So I guess it goes two ways when you read the news:  you can choose desperation or you can choose hope.  

photo cred EMA

photo cred EMA

Or maybe, in the spirit of equanimity, somewhere in-between.

 

What do you think:  Should yogis watch the news?  How do you get your news?  How do you respond?  I’m looking forward to your thoughts.

Tell me!

-lisa

P.S. Haven’t read the Bhagavad Gita yet?  You totally should.  I have two favorite translations.  The translation I used here is by Stephen Mitchell, published by Three Rivers Press, New York.

 

 

Just in case the link to the NPR blog didn’t work, here is the full URL: http://www.npr.org/blogs/health/2014/07/10/323355132/binging-on-bad-news-can-fuel-daily-stress

 

FALL in Love.

Image

2013-10-26 07.01.12

I found this sign, tucked inside the window display of a possibly-abandoned storefront, and simply had to take a picture.  Lately, I’ve noticed negative images, graffiti and advertisements scattered around town… and coupled with the change in daylight patterns and loss of summer, it’s been a little disheartening.  However, this sign, reminded me to Fall in Love today.  And every time I see it, I smile.  It’s great advice for the new season.

If, like me, you need a little pick-me-up today, you’ll enjoy this poem from my good friend Meister Eckhart who has a grand view of the Universe as being permanently In Love.

Always Kissing

They are always kissing, they can’t control themselves.

It is not possible that any creature can have greater instincts and perceptions than the mature human mind.

God ripened me.  So I see it is true: all objects in existence are wildly in love.

-m. eckhart

2013-10-26 07.01.12

What are you going to fall in love with today?  One year, my aim was to find something NEW to love every day.  One day, it was the copy machine in the teacher’s lounge.  (That must have been a bad day.)  One day it was my new coffee mug.  Another day it was a hug from a friend.  It didn’t have to be a life-changing event or a life-saving item, I just wanted to recognize that, even in times of turmoil or stress, all objects in existence were wildly in love.  My list looked ridiculous, but I did practice finding love in the innocuous.  And I practiced falling in love with life.

What are you going to fall in love with today?

Happy Falling.

-lisa

 

 

2 lessons yoga has taught me.

2 lessons yoga has taught me.

A few months ago, my dear friend and yoga student Stina Hergott blasted a post on her Pink Moon KC Blog called “10 lessons My Bike Has Taught Me.”  It got me thinking.  And thinking.  And thinking: could I narrow my list of ‘lessons that yoga has taught me’ to a list of 10?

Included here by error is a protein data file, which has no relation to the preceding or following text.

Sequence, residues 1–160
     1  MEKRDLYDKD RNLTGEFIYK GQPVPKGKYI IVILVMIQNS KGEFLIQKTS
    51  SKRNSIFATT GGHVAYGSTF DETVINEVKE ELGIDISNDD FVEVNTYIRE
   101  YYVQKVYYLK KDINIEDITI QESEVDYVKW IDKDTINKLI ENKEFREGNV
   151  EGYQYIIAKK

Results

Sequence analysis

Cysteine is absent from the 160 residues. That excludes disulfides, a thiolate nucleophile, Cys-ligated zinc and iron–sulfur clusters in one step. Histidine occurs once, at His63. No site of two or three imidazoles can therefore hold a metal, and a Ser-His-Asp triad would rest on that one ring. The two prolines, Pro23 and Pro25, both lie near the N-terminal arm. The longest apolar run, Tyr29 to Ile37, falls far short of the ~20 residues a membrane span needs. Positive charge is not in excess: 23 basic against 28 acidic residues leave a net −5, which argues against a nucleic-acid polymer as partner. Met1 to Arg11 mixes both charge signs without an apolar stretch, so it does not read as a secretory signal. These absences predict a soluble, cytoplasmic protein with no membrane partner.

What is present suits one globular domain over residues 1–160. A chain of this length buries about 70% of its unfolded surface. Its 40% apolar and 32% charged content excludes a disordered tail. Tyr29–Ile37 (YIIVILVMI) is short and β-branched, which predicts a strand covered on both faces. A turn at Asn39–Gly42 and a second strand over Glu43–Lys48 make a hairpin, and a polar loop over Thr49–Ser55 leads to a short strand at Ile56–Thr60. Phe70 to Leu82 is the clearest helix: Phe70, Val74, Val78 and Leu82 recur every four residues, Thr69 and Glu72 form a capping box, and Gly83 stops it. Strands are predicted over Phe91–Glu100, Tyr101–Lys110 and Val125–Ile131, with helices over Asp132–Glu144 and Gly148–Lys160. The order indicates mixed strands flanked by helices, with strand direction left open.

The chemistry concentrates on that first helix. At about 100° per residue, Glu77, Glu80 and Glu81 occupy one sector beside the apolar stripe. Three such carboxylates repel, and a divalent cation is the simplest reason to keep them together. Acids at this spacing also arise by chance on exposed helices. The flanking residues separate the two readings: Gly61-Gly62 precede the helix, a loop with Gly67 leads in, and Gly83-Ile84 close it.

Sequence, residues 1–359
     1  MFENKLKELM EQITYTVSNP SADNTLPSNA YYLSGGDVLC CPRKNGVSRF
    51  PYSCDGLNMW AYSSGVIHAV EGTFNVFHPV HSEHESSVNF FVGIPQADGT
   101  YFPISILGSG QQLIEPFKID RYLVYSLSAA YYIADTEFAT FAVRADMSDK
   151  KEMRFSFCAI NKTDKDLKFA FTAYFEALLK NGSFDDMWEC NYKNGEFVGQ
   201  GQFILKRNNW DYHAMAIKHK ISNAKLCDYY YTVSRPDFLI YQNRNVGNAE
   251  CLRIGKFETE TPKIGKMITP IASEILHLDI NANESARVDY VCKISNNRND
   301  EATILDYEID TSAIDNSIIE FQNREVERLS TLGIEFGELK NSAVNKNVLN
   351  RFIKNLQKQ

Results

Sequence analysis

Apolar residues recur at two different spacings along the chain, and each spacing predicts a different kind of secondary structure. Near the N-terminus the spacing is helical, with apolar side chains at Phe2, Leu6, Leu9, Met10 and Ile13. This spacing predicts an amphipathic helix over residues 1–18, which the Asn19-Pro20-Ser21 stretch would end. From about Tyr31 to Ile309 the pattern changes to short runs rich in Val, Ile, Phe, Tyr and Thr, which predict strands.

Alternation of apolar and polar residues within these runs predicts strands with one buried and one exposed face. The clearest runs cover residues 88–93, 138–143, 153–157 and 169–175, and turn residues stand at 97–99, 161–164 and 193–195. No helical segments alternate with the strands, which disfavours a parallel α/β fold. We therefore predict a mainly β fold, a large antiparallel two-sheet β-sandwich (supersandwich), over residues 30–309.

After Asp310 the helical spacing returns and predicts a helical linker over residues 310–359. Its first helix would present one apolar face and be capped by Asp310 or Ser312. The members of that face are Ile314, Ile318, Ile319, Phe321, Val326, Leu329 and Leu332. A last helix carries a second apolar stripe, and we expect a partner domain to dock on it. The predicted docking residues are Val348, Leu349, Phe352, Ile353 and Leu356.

Well. As it turns out, I can synthesize my list to two.

  1. There is only today.
  2. There is always tomorrow.
2013-09-23 19.52.13-2

photo cred Saunders Fine Arts

 

1. There is only today.  Yoga is not a hobby or an activity.  Yoga is a practice.  Which means every time I practice yoga, it’s a practice of learning to be actively engaged in the present moment.  The present moment may be super enjoyable.  It may be slightly uncomfortable.  It is the only moment I have.

Yoga is a meditation on the Spirit that is found within the breath.  I can’t breathe into the future and I can’t breathe in the past.  Which means I shouldn’t let my mind live in the future and I shouldn’t let my mind live in the past.  Which means: there is now.  And there is today.  And if I desire patience, I practice that today.  And if I desire compassion, I practice that today.  And if I desire to be filled with God-light, to spread forgiveness, to find moments of hidden healing joy everywhere I look, I practice today.  When my shoulder was injured last fall, my daily Ashtanga practice was often excruciating.  (As was opening my car door, taking my Russell for a walk, and holding my coffee mug…ugh, much better now, thank you.)  So I challenged myself to ask this question when I was practicing:  “What if this were my last opportunity to take Downward Facing Dog Pose?  If that were the case, how would I want it to feel?  How would I want to enjoy it?”  Turns out: I would want to SAVOR it.  Yoga taught me that there is only today.  And today is to be savored.